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Online classes and blended classes make assignments, resources, and documents easily available to your students. For some students, following along in an online or blended course will come easily. Others may need more support. Smart organizational strategies can help instructors and institutions to effectively support less tech-savvy students. In addition, you’re providing your students with an example of organizational excellence, showing them how they can use similar tools in their own lives.

File organization consists of several distinct components.

  • File naming systems help you to find the correct file quickly, recognize its contents, and track different versions of similar files.
  • Folders let you group like folders together or to group similar files into one easily accessible folder.
  • Sub-folders allow you to create groups of folders.

These components are quite basic, and you’re likely already familiar with them; however, your home and office organizational systems may be quite personalized, and not ideal to share with your students. You can, however, apply these file strategies to your own file systems if you’d like to be more organized in the office, the classroom or at home!

Naming Your Files

Smart file naming protocols make it easier for both you and your students to find the files you need. For course files, it’s ideal to include both a chronological and a subject reference in the file. For instance, an assigned reading in history could be titled Reading_Unit2_SupplyAndDemand. Here, the student can see that this is the reading assignment for unit two and can see the topic.  Your file names should, for student ease, include a type or topic, a unit or date and a subject.

Organizing Your Files

First, let’s talk about how you can organize your materials, before they go live and online to your students. For many people, the best option is to create a project folder. Within that folder, you can create individual folders to hold different types of materials, or, as an alternative, complete individual units. This makes it easy to see what you’ve done, what you need to do and to find files to upload and share with your students.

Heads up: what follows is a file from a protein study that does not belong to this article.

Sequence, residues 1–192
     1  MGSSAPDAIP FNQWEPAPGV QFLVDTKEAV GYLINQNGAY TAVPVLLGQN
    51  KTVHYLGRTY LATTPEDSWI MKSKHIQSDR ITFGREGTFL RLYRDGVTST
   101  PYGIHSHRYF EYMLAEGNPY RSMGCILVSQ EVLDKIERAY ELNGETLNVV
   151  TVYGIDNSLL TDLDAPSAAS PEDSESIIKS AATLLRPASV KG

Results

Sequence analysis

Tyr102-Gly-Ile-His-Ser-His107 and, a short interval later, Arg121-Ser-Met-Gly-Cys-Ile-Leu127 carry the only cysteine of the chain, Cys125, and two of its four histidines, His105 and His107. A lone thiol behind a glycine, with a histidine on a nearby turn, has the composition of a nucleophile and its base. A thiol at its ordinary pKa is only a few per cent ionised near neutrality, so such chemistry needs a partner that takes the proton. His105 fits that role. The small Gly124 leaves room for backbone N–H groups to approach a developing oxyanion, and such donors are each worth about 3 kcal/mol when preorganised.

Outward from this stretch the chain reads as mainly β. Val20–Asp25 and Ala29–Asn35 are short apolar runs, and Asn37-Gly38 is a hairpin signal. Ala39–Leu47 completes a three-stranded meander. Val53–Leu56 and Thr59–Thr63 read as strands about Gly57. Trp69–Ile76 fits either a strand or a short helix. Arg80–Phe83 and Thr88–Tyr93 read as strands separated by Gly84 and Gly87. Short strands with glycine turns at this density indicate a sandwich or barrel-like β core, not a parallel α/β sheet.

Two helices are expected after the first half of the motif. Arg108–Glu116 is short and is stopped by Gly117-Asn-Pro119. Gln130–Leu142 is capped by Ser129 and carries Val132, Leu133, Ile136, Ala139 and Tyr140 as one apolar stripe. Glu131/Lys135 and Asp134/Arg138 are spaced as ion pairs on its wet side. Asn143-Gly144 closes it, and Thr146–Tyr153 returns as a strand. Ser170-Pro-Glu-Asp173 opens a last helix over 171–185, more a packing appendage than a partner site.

We’re going to use the Course Board as our how-to example. When you go to your Course Board, you’ll a large space designed to display the course syllabus or outline, with a file structure to the right hand side. This file structure allows you to create folders and then sub-folders. There are two basic organizational strategies for your course on YuJa.

  • Organize your course chronologically. All files for a week, a unit, or a chapter go into a single folder. For instance, a folder labeled Week One or Unit One might contain the lecture notes, an assignment, and a supplemental reading. Depending on the number of files per unit or week, you might have sub-folders for each of these categories.
  • Organize your files topically. All lecture notes go into a single folder. All assignments go into another folder. Students will need to check multiple folders for each unit, but can easily see all assignments or readings in one folder.

 

When you’ve decided on an organizational system, incorporate your system into your Course Board. Create folders, then subfolders for your files. This makes it simple to upload each file to its correct place on your Course Board.